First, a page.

Guys, we could have this is something, quite frankly, we messed up and here I’m looking at our list of four things that we say we could have improved.

We messed up mistakes, whatever you want to call them. Every one of these guys is playbook stuff, so it’ll be better.

Every one of these and this is me calling us out, every one of these that we will improve on and that we just, quite frankly, did wrong are things that we already teach.

We messed up our own playbook because we’re humans. One of these, the first rolls here is actually less because we’re human and more because of circumstances.

But we had no pre-pre-launch for PLF at all. We had no warm-up. And so for those of you who’ve been through no product, no problem.

You’ve seen this before, but there’s a warm-up sequence. Right here’s a whole entire way to warm up your audience.

You warm them up, and the promo begins. You continue to warm them up, the promo ends, and you do a cart close a cool down at the end.

Well, we had none of that on the ramp, at all. None. We had zero onramps, in part because of circumstances. We were busy.

We were switching to Convertkit for one. But that was something where, you know, Kenneth ties into something we did well, that we’ll talk about in a moment.

But we reused a lot of the content from the previous year. Would have been really easy to say, hey, it’s a week before the promo mail to this blog post.

The blog post is already written. Hey, Robby, I need you to take 45 minutes to just review it, and make sure that everything’s accurate.

Do we need to change this sentence?

Pass it on to Mark for a quick review. Pass it on to Tara.

Let’s reuse the same email, but with this one tweak, and in an hour and a half, we have an entire piece of warm-up content ready to go.

With an email written, it would have been easy to do. We just forgot about it.

I don’t know about you guys, but I feel like that was the mistake. That’s how we screwed that up we just forgot.

Mark: Well, that’s what I was going to say. It almost is more frustrating knowing that we had content we could have used.

It’s not like, well, we thought about it, but we didn’t have time because we didn’t want to spend 4 hours writing a blog post and doing a video and editing it.

No, all we had to do, as you said, was review it real quick and send it and we didn’t.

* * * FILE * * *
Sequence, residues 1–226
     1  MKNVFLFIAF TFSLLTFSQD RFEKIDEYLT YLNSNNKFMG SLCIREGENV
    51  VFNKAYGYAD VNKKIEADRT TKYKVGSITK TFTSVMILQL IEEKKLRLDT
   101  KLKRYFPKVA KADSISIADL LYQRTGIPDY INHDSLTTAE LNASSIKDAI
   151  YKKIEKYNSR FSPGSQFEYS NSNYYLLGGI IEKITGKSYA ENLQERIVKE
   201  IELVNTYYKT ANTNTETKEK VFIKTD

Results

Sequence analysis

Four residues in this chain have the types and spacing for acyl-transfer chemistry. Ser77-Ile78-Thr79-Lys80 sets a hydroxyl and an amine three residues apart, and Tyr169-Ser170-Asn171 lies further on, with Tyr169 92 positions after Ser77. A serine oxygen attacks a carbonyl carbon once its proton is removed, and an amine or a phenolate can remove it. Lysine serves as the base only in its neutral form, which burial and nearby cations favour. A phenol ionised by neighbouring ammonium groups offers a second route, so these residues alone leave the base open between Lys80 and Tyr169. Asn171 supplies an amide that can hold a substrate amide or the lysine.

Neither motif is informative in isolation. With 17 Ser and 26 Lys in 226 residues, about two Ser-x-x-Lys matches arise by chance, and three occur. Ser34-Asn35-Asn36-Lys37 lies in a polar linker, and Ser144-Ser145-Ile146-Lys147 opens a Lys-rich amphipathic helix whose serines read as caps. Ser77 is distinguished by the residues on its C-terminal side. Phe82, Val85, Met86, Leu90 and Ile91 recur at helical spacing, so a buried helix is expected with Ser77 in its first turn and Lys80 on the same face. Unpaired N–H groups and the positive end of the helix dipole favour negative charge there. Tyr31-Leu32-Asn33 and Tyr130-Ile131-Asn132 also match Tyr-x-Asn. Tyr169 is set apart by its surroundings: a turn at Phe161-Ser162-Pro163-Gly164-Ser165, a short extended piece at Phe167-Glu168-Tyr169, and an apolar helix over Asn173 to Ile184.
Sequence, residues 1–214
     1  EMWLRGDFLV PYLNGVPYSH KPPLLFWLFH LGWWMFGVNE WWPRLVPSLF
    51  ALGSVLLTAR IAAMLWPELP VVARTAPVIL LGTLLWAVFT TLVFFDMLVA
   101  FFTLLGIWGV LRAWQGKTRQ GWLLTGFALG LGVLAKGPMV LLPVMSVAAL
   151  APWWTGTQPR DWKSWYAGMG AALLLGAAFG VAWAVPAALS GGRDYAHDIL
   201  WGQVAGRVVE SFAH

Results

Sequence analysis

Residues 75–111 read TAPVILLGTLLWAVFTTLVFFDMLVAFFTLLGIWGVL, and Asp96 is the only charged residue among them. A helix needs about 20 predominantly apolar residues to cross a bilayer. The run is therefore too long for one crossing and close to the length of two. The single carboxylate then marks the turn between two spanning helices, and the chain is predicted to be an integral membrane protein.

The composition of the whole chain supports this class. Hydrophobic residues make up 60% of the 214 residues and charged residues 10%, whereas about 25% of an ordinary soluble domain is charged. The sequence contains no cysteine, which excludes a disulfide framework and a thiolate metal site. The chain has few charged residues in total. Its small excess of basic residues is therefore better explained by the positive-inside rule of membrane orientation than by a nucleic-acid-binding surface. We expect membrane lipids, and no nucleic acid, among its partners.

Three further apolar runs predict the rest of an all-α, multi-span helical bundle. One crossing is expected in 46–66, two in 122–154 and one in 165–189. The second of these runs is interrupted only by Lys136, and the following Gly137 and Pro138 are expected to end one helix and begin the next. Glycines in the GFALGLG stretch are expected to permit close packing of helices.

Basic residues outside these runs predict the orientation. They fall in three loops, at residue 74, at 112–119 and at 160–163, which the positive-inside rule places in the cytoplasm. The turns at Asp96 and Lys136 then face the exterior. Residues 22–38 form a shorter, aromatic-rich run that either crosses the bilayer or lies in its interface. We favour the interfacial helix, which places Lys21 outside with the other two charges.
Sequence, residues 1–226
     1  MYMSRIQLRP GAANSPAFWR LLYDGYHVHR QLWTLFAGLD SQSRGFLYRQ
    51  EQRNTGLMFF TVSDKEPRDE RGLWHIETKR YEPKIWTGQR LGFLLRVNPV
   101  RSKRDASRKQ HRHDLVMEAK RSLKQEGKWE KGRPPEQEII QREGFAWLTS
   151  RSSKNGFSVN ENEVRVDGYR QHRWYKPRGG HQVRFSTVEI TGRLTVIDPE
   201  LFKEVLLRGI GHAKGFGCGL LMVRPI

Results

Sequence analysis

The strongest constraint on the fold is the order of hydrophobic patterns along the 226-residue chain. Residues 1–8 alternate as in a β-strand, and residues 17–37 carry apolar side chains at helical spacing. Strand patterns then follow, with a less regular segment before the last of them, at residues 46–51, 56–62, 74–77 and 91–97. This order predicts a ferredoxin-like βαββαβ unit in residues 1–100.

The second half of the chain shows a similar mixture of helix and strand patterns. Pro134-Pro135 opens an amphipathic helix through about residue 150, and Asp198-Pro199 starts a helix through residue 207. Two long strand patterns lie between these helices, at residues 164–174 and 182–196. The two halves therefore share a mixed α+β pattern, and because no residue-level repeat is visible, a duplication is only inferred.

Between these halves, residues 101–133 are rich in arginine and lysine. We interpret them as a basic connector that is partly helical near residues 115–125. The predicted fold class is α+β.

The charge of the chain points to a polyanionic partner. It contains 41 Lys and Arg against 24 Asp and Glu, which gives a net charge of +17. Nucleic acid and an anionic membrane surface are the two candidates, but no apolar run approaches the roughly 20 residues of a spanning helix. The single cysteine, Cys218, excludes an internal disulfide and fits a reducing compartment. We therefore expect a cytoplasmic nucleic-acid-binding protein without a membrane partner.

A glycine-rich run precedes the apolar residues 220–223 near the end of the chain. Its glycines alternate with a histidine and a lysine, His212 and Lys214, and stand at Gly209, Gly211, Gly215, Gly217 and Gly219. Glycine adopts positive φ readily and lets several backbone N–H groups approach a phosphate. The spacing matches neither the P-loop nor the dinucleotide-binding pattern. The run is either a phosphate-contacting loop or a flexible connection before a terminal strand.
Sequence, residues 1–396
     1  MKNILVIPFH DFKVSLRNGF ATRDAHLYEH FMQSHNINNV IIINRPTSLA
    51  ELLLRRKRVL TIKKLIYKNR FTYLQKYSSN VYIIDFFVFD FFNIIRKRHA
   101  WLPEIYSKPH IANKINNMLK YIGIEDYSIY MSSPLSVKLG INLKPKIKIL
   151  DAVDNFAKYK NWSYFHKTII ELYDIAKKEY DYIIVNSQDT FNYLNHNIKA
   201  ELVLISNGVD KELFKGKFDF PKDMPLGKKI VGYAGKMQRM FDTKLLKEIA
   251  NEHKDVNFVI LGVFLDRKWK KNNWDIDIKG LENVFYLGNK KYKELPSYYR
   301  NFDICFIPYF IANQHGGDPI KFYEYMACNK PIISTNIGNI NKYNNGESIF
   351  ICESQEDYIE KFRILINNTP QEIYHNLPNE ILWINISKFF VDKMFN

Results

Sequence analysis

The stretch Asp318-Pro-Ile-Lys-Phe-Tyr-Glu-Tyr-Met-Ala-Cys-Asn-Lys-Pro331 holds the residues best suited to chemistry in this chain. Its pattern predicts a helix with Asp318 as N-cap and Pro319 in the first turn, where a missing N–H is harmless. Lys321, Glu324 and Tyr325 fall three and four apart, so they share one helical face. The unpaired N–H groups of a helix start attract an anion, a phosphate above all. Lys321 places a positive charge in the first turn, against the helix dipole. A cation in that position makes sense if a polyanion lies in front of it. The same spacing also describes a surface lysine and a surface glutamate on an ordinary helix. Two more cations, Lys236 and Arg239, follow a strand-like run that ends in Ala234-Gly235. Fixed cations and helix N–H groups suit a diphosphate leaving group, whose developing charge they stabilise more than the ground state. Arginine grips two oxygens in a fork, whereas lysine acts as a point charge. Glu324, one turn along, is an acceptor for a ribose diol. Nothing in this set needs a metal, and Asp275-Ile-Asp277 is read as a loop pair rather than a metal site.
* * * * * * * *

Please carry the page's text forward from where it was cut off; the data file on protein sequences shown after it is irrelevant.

And I think everything we talk about Matt here with what we can improve, I think it’s important to point out that there’s no promotion is ever going to go perfectly. None care.

You can have the best information and the best playbook. You can have the best intentions. You’re always going to forget something.

Something’s always going to go wrong, but you just push through it. You just keep going.

And I hope that’s encouraging for you guys because I know that you look at Matt and I do this too, it’s like Matt’s forgotten more about affiliate marketing than I’ll ever learn, but he still forgets.

There are still things we don’t do and that’s encouraging to me.

It’s encouraging to know that you don’t have to get everything right for this.

You don’t have to get everything right to make an impact, to make a difference in your audience, businesses, their lives, or to make money for yourself.

So you’re always going to have something that you’re going to look back and say, dang it, why the heck didn’t I do that?

I knew I should have. I thought about it. I didn’t do it and that’s important.

That’s important to realize and you’re right. We even talked about it beforehand.

What are we going to do for pre then things got busy and we got working on things and switching over and this and that and didn’t do it.

Matt: And you have one or two choices at that point. A lot of people just go, oh well, I screwed up and I guess I’m just going to not promote this at all.

Like I’m done. I’m like I don’t know that I ever entered our minds.

Well, okay, we know it’s going to cost us something, but we can still recover.

We still have 16 days. We still have a launch parachute. Jeff teaches about that, right? and so we’re cool.

The lesson there is though, that what I showed you is what you want to do.

You do want to seed the launch in advance of any promotion you’re going to do, you do not want to come out.

We talked about this with the Black Friday and Cyber Monday stuff, it’s 70% off. I don’t know.

Let’s find something 70% off. What is this, a Samsung, some sort of a Samsung giant television that I’m looking at right now? Okay.

Where you guys are on a giant Samsung and seriously Robby, your head is ginormous on the screen.

I don’t know. I think this TV probably costs like one $200 or $800.

We’ll just call it to cost $1,000 and it’s 70% off. So you get it for $300. It’s a great deal, right?

If the first time your audience hears about that is at 01:00 on Black Friday, you’re gonna make no sales.